specify a value lower than 1024, font caching is disabled.
For an ideographic language, the recommended value is the
lowest multiple of 1024 that accommodates the number of
frequently used characters in that language.
If a workstation displays multiple ideographic languages
simultaneously, you have to add together the
values required for each language. Specify an even
larger value if you intend to run applications,
such as desktop publishing software, that require
multiple font styles and sizes for each ideographic
character. For more details, see Writing Software
for the International Market. Defines the size of
each cache unit. The minimum value for unit size
is 31 bytes; the default value is 128 bytes. If
you specify a value lower than 31 bytes, the value
has no effect. If a particular font requires more
memory space than 128 bytes, the font-cache mechanism
automatically allocates one or more additional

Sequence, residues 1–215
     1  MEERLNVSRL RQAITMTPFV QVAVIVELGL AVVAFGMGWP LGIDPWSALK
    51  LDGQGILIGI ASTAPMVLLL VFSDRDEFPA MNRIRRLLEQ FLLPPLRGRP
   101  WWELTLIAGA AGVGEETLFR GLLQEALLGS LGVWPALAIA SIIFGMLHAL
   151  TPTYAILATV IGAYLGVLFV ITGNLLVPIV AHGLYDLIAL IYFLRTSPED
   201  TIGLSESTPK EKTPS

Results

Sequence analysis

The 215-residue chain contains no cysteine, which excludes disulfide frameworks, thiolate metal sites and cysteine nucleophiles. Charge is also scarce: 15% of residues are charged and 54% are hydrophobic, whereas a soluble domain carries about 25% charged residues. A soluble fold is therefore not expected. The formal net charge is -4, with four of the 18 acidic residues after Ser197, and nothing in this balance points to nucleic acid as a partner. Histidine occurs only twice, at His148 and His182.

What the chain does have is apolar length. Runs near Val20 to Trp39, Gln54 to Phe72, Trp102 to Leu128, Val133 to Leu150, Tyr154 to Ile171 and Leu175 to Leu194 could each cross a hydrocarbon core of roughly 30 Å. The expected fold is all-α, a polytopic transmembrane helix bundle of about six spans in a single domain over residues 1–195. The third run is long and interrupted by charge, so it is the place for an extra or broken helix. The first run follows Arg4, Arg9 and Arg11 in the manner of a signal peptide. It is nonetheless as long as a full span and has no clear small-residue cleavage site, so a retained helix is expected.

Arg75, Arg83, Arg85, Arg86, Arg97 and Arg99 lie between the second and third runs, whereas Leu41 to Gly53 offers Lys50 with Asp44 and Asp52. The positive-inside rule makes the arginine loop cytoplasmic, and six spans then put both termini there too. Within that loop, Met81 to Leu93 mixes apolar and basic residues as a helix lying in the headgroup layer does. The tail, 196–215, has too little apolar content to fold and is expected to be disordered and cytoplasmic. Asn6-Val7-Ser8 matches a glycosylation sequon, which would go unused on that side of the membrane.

units to store its glyphs. For more details, see
Writing Software for the International Market.
Defere loading of no, all, or 16-nit glyphs.
Enables the VESA Display Power Management Signalling
(DPMS) features of the X Server regardless
of the operating system's power management state.
DPMS mode defaults are dictated by the kernel's
power management subsystem. DPMS should only be
enabled for systems with DPMS-compliant hardware.
Disables the VESA DPMS features of the X Server
regardless of the operating system's power management
state. DPMS mode defaults are dictated by the
kernel's power management subsystem. Sets the bell
volume (allowable range: 0-100). Sets the default
cursor font. Sets the default font. Sets the
search path for fonts. This path is a comma separated